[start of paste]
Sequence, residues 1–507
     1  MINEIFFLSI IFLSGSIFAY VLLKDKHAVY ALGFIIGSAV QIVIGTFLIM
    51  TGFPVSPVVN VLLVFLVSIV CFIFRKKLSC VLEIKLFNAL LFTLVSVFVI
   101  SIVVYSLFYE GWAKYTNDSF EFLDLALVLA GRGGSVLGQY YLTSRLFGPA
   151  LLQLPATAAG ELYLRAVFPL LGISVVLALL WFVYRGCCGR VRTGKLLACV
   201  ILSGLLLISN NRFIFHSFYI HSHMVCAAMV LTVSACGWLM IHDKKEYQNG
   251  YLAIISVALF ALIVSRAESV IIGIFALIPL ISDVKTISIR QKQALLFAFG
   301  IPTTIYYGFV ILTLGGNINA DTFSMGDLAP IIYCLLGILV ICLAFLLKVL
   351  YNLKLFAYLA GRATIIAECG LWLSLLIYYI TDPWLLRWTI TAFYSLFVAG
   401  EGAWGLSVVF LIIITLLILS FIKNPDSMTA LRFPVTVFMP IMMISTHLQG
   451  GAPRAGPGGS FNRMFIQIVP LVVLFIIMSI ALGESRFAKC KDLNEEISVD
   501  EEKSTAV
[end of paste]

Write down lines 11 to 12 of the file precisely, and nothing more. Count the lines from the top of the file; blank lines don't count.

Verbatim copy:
   451  GAPRAGPGGS FNRMFIQIVP LVVLFIIMSI ALGESRFAKC KDLNEEISVD
   501  EEKSTAV